Hepatitis A is a viral infection that causes the liver to become enlarged, inflamed, and tender. The virus is excreted in faeces, and transmitted through contaminated food and water. On the other hand, hepatitis B is a more serious liver infection. People with hepatitis B are also at a higher risk of developing liver cancer. It is spread through direct contact with the blood or body fluids of an infected person. In Singapore, around one in 35 adults are hepatitis B carriers. If you are not a carrier and are found to be free of hepatitis B after screening, consider getting vaccinated to protect yourself from this disease.
  2. Sexually Transmitted Infections (STIs) Tests
    Commonly encountered STIs include gonorrhoea, chlamydia, syphilis, and the human immunodeficiency virus (HIV). If you have multiple sexual partners, frequent high risk sexual encounters, or are experiencing irregular genital discharge, rashes, or ulcers, get yourself screened as soon as possible.
  3. Complete Blood Count
    This test measures the composition of red blood cells, white blood cells, haemoglobin, and platelets in your blood. It evaluates your overall health and detect a wide range of disorders, including anaemia, infections, and leukaemia.
  4. Kidney Function Tests
    These tests assess your kidney function by measuring the level of urea, creatinine (waste products), and certain dissolved salts such as sodium and potassium bicarbonate in your blood and urine.
  5. Liver Function Tests
    These tests are useful in diagnosing liver disease or monitoring liver damage by measuring the levels of certain enzymes and proteins in your blood. Some tests also measure the performance of your liver in producing protein and clearing bilirubin, a type of waste produced by your blood.
  6. Thyroid Function Tests
    Thyroid hormone tests assess your thyroid gland function. The thyroid gland creates hormones such as thyroxine (T4) and triiodothyronine (T3), which regulate the way your body uses energy and affect your metabolic rate.
  7. Urinalysis
    A urinalysis is a urine test to detect and manage a wide range of disorders such as urinary tract infections, kidney disease, and diabetes. It involves checking the appearance, concentration, and content of your urine.
  8. Uric Acid Level Test
    A high uric acid level in your body may increase your risk of gout or kidney stones. Uric acid is produced during the breakdown of purines, which are created in your body and found in certain foods. Once produced, it is carried by your blood and passes through your kidneys, which is eventually filtered out as urine.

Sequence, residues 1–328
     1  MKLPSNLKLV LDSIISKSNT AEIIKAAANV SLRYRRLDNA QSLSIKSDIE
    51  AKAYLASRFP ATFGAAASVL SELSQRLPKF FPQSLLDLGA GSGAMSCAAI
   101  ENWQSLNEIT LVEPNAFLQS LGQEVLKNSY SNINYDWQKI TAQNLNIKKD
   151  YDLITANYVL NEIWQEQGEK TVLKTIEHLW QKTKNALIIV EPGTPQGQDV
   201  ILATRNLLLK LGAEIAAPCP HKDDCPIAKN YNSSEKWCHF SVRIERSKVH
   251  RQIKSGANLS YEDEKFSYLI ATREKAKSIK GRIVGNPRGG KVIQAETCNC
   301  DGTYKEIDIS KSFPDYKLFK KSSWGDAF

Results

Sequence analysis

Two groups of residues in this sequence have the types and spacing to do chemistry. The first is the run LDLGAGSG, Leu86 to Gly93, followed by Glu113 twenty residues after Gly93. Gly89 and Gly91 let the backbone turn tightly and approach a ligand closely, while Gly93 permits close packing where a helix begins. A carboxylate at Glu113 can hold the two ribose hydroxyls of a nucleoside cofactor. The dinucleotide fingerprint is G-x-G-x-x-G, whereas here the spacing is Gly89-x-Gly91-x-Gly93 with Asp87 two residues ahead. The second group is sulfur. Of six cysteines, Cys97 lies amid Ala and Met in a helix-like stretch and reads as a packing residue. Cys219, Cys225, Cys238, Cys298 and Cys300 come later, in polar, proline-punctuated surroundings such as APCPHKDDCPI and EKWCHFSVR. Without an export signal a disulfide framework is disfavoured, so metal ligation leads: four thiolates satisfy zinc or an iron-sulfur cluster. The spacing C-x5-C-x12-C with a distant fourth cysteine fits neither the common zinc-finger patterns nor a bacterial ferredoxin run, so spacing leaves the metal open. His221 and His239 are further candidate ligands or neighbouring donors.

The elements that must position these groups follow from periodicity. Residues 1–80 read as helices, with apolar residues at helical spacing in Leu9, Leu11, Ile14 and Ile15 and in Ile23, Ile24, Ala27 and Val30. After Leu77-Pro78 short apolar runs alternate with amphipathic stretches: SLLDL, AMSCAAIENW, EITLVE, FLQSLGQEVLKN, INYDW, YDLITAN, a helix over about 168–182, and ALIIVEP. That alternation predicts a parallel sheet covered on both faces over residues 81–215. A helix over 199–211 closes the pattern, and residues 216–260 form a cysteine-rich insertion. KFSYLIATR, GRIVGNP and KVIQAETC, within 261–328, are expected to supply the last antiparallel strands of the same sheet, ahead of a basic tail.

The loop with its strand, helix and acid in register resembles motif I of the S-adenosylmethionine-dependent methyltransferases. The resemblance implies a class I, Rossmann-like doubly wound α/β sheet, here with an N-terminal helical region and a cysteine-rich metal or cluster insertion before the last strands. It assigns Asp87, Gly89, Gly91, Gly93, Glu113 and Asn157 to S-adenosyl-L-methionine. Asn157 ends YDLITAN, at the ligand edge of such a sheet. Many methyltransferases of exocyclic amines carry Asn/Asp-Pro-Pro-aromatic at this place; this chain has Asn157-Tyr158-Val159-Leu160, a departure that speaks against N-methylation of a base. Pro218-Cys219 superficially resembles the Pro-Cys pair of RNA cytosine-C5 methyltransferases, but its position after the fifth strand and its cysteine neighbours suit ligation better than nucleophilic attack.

9. Bone Mineral Density (BMD) Test
    This is a painless and non-invasive procedure that measures your bone calcium to detect early loss of bone mass, and evaluates your risk of developing osteoporosis. While older people above 65 years old are more likely to develop low bone mass and osteoporosis, these can happen to younger people too. BMD testing is especially important for people at higher risk of osteoporosis, such as:

    • People with low body weight
    • People above 65 years old
    • People with personal history of fractures
    • People on long-term steroids
    • Women who had menopause before 45 years old

In-depth Health Screening Packages

Rather than a full-body checkup, some may choose to screen for factors contributing to specific diseases instead. You will find most healthcare institutions offering these tests by themselves, or as part of an enhanced health screening package.

Heart Screening

A typical heart screening package screens your body for risk factors that contribute to various heart diseases, such as:

  • Heart health
  • Cholesterol levels
  • Blood pressure
  • Blood glucose levels

Most packages include a consultation with a cardiologist, otherwise known as a heart specialist. The cardiologist can give an in-depth evaluation of your heart screening results, and advise on how you can better manage your heart health. Find out more about the heart screening packages that Raffles Heart Centre offers here.

Sports Screening for Athletes

Likewise, people who frequently take part in endurance sports may have an increased risk of damaging their body in the long run. Getting screened before participating in such activities can help evaluate your body for such risks, and identify possible signs of overtraining.

Understanding your current health status can help you to develop a training plan to meet your fitness goals, while meeting your health needs, and minimise the risk of injury.

Visit a family physician near you to review your health and discuss the best care plan for your lifestyle.

Which Health Screening Package Suits You Best?

Depending on your budget and your personal medical history, you can get a basic health screening package that consists of the essential tests, and add on other necessary ones. Choose a package that makes the most economical sense and or suits your health needs.

To learn more on how to choose the best health screening package, discuss your health goals with your preferred family physician and get a customised care plan today!

This article is vetted by: Dr Ho Woon Yang, Senior Family Physician, Raffles Medical